There was another exercise which occupied a lot of time over Sunday and Monday. I have a collection of pressed glass in green and clear which 1920/30s. It has been wrapped in bubble wrap in a cupboard since last September. Dorothy spotted a display case for sale locally. The problem was it would not go in her car and then she went to France. So I got Ruth and Robin to help me. When we got it home, it disintegrated and we agreed to tackle it on Monday. We took it apart and discovered that it was an IKEA object and none, but none, of the screws had been done up. We then reassembled it into a very solid object and it looks good with all the glass in it. But reassembling it took two of us three hours!
The result of binding four books in rapid succession is that I complained to the management about there not being enough space. I have been using a sliver of space in a small spare room which mostly held beds. The result was that the beds have gone, the furniture has been rearranged and a table introduction and all of a sudden I have wonderful space and do not hit my elbow on the wall every time I measure something. There is a cupboard over the stairs in that room and I cleared out, finding all sorts of things which I heaved in there last September and including a fabulous lino-cut, not done by me. So that will have to be framed.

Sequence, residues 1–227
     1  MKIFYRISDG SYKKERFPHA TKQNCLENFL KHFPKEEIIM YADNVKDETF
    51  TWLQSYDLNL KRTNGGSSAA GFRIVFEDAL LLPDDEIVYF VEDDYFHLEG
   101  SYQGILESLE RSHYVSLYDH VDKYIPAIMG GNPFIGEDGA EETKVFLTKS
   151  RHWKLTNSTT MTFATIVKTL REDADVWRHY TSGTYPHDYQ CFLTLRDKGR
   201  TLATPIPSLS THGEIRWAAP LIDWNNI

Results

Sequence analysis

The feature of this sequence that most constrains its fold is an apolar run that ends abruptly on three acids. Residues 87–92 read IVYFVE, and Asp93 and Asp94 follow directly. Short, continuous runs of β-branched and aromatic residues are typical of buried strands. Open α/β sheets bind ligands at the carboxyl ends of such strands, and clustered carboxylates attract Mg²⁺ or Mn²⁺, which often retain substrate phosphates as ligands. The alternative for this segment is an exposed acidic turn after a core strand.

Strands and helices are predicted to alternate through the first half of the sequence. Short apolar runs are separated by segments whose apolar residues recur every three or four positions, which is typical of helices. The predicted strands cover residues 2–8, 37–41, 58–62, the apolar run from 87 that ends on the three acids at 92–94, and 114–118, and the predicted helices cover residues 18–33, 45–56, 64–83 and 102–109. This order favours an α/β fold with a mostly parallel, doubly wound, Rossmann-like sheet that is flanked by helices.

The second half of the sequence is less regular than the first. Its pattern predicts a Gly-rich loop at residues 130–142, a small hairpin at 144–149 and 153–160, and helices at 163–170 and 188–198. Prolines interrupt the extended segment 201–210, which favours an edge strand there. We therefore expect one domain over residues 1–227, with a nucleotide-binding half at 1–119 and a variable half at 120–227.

However and much more important, I inspected all the lino-cut stuff and decided I did not like the prints made for the Lament for the Makars and abandoned that project. This morning, I did a baobab tree (photo taken in Namibia).
The prints are better but are all in the drying rack. Next week, there will be multi-coloured prints.
I have wanted to visit Eltham Palace for many years - a stately home of the 1930s built in Art Deco style. On Sunday Robin, my son-in-law, and I got the chance together with a lecturer from the V&A!!! She was very good. What was not so good is that the photo you see mostly is the entrance hall with its fabulous carpet, furnishings and veneered walls is about the only bit of true Art Deco.
Eltham Palace was built by Richard II so the core is 15th century. Various kings altered it but it was abandoned by Henry VIII as too far from London and over the centuries it fell into ruin. The Courtaulds (yes them of textiles, shipbuilding etc) took on the estate but on condition that they restored the Great Hall.
On the right, the Great Hall. On the left, the house entrance just visible as a couple of pillars.
The hammer roof of the Great Hall. Actually held together/up by steel beams which Robin and I managed to spot.
As to the rest of the very large stately home, more luxury than taste and a right hodge-podge of styles. Four posters in Art Deco bedrooms and overornate bathrooms.
with the occasional Art Deco gem.
And it is still worth visiting for the entrance hall.